Next Article in Journal
Farmers’ Adaptation Strategies to Climate Change and Their Implications in the Zou Department of South Benin
Next Article in Special Issue
Evaluation of Alternatives for the Passenger Road Transport Sector in Europe: A Life-Cycle Assessment Approach
Previous Article in Journal
Acknowledgement to Reviewers of Environments in 2017
Previous Article in Special Issue
System-Based Assessments—Improving the Confidence in the EIA Process
Article Menu
Issue 1 (January) cover image

Export Article

Open AccessArticle
Environments 2018, 5(1), 14; https://doi.org/10.3390/environments5010014

An Open-Data Based Assessment of Expected Changes in Land Use and Water Availability as a Result of the Construction of the West Segment of the Nicaragua Interoceanic Canal

1
Engineering Hydrology and Water Management, Technische Universität Darmstadt, Franziska-Braun-Str. 7, 64287 Darmstadt, Germany
2
Institute of Applied Geosciences, Technische Universität Darmstadt, Mornewegstr. 32, 64293 Darmstadt, Germany
*
Author to whom correspondence should be addressed.
Received: 15 November 2017 / Revised: 14 January 2018 / Accepted: 16 January 2018 / Published: 17 January 2018
(This article belongs to the Special Issue Environmental Impact Assessment)
Full-Text   |   PDF [4240 KB, uploaded 17 January 2018]   |  

Abstract

Nicaragua is preparing the construction of an interoceanic canal that will be the longest and largest canal on Earth. An environmental and social impact assessment was published in 2014 supporting a general viability of the canal. Nonetheless, several scientists and societal actors raised serious concerns regarding the social, economic, and ecological sustainability. Despite an open dispute within the Nicaraguan society, no independent, transparent, and scientifically sound assessment has been carried out. This article presents a transparently documented and comprehensible impact assessment of the West Canal Segment of the Nicaragua Canal. Based on publicly available data and scientifically sound and recognized methods, land use, hydrological (water availability), and socio-economic impacts (population, transportation/communication) are described, quantified, and compared with official declarations in the impact assessment. The examination of official declarations discloses significant ambiguities concerning the methodology and data used for the impact assessment. Consequently, the results presented are at least partly doubtful. When compared with official declarations, the main results of this study reveal: (1) significantly more forested areas (+53.7 km2) and areas of extensive agriculture/near nature (14.4 km2), but far less urban and intensively used areas (−39.6 km2) are affected by the canal; (2) A population of nearly 16,500, and several regional or locally unique transportation and communication routes are directly affected by the canal construction; and (3) a slightly lower water availability (−6.6%) and a much higher water demand for lock operations (+31.8%) were estimated. Accordingly, only about 20% of the lock water demand could be met by locally-available discharge. View Full-Text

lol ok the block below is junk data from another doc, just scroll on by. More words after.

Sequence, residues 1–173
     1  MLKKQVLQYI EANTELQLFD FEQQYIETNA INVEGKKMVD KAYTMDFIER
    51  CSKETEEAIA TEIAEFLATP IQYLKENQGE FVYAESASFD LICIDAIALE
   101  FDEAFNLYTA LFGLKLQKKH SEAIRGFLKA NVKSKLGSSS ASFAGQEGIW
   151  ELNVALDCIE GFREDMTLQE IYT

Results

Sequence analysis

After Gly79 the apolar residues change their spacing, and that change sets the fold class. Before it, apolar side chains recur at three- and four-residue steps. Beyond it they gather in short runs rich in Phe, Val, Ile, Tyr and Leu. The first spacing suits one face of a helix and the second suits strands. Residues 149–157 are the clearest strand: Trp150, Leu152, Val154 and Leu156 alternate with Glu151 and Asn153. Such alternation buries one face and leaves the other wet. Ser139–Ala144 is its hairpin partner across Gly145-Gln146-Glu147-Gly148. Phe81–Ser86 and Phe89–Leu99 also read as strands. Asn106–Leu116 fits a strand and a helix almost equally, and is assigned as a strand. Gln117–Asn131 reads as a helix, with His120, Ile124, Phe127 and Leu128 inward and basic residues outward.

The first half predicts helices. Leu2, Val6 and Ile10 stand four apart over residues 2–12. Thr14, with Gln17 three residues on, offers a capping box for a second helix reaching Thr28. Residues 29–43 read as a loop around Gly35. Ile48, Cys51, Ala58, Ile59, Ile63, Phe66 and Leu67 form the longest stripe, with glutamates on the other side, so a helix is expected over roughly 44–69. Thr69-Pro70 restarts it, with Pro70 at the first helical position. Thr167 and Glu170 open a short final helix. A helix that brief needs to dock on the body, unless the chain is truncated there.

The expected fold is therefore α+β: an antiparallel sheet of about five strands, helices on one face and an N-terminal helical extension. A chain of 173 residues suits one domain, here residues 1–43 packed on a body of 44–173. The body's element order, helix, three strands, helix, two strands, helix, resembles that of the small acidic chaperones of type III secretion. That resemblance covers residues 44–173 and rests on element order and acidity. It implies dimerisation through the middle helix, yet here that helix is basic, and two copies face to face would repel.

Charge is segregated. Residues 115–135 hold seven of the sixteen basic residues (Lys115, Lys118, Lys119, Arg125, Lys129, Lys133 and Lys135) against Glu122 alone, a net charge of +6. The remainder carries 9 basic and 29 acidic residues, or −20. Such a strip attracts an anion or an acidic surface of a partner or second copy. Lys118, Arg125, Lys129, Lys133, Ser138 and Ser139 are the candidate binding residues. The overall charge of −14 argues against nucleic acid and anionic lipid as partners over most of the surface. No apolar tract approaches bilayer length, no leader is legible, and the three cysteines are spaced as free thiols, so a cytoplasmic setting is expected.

Keywords: interoceanic canal; Nicaragua; environmental impact; water availability; land use classification interoceanic canal; Nicaragua; environmental impact; water availability; land use classification
Figures

Figure 1

This is an open access article distributed under the Creative Commons Attribution License which permits unrestricted use, distribution, and reproduction in any medium, provided the original work is properly cited (CC BY 4.0).
SciFeed

Share & Cite This Article

MDPI and ACS Style

Muñoz Ardila, A.; Rebscher, A.; Hack, J. An Open-Data Based Assessment of Expected Changes in Land Use and Water Availability as a Result of the Construction of the West Segment of the Nicaragua Interoceanic Canal. Environments 2018, 5, 14.

Show more citation formats Show less citations formats

Note that from the first issue of 2016, MDPI journals use article numbers instead of page numbers. See further details here.

Related Articles

Article Metrics

Article Access Statistics

1

Comments

[Return to top]
Environments EISSN 2076-3298 Published by MDPI AG, Basel, Switzerland RSS E-Mail Table of Contents Alert
Back to Top